In response to my posting The Short, Smart Play, and presentations I’ve made on the topic, a number of folks have asked what other key areas are seeing rapid growth (and thus opportunity). For those of us involved in the world of RF/Wireless, there are two key technologies which are going to continue to be utilized which we should have at least a fundamental understanding of: OFDM and MIMO.
Orthogonal Frequency Division Multiplexing (OFDM) and MIMO (Multiple Input, Multiple Output) are used in a number of wireless technologies including WLAN (802.11a/b/g), WiMAX (802.16) and LTE (Long Term Evolution, the 4G standard). Rather than focus on the applications, as in which technology is going to win the ‘4G war’ – LTE or WiMAX, focus on understanding the underlying technology and challenges.
In OFDM, the concept is the same regardless of application; data is divided into parallel streams at a reduced rate (which allows for longer symbol duration) and the bandwidth is divided into subcarriers upon which the data streams are modulated. There are a number of great OFDM tutorials and books on-line so I won’t write another one here, suffice it to say that if you understand the variables (i.e. subcarrier spacing, symbol duration, code type/rate, etc.) then it’s much easier to wrap you head around the details for a specific standard/application.
MIMO is a family of techniques for multi-antenna wireless transmission and reception that increases the achievable data throughput within the same occupied bandwidth, increases quality of communication, and allows dramatically increased spectral efficiency. The most popluar implementation is for WLAN, enabling the 802.11n compliant wireless modems we see more and more of. Understand the fundamentals of propagation delay, multipath fading and transfer function as it applies to combining multiple receivers and then the rest becomes much easier.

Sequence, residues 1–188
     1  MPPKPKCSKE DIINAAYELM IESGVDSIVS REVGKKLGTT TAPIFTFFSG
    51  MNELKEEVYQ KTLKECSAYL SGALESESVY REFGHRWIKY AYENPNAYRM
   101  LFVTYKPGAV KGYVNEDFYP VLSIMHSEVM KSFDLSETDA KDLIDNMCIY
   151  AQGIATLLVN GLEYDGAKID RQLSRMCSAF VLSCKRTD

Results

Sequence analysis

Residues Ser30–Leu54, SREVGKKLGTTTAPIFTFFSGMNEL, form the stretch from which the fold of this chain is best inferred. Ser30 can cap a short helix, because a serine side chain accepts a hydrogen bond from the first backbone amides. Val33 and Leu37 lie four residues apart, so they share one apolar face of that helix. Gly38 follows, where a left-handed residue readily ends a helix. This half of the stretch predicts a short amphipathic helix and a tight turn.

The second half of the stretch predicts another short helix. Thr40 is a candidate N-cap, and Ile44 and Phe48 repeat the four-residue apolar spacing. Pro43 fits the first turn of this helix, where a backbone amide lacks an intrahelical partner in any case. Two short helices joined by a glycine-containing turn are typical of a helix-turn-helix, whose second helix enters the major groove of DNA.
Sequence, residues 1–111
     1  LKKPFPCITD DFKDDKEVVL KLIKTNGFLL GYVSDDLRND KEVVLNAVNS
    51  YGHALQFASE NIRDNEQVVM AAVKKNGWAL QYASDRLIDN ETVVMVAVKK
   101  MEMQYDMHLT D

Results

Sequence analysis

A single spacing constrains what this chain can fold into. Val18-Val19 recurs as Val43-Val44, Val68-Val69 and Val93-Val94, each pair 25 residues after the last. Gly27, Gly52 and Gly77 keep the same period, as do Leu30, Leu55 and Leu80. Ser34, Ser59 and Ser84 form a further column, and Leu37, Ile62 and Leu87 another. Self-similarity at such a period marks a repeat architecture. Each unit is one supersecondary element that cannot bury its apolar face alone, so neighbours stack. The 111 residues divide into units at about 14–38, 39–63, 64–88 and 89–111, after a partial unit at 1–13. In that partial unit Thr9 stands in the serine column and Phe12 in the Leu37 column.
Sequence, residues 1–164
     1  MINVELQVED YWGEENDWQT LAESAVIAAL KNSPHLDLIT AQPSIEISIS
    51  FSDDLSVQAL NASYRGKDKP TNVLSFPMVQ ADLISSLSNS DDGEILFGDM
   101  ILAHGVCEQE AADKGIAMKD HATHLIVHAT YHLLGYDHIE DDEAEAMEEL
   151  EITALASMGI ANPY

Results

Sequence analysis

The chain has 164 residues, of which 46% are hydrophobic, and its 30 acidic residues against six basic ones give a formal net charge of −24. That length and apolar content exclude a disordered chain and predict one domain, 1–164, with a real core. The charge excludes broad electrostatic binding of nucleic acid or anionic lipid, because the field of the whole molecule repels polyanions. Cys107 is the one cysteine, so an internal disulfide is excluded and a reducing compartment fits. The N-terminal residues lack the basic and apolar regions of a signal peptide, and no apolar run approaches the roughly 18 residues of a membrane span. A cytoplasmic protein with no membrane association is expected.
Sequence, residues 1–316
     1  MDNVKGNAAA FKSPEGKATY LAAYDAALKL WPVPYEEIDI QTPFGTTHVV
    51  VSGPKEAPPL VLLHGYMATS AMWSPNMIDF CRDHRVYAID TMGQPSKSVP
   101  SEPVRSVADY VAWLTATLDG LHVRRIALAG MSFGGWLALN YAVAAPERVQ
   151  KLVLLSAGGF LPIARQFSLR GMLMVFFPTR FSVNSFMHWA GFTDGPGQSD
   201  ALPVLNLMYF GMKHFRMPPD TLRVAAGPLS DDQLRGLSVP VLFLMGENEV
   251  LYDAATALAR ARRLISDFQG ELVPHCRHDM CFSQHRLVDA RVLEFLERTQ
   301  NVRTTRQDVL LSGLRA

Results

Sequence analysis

It reminds me of one of my Calculus professors who shared with me that many of his students did poorly in Calculus because they did not thoroughly grasp Algebra. In fact, he would often work a problem to a certain point then swipe the board with the chalk or whiteboard pen and declare, “and the rest is just algebra…” before moving on. You have no idea how badly I wanted to write this on my final exam instead of solving down to a final answer! 🙂
I’ll post some nice OFDM and MIMO tutorials on my website once I finished my latest recorded presentation: “The True Schematic – Understanding & Correcting for Component Behavior at High Frequencies”.
Ah, I almost forgot, one last technique to be familiar with…turbo coding. Again, there are a variety of flavors but, as Led Zeppelin says, “The song remains the same”. Here is a great book on the matter which I recommend to get you started.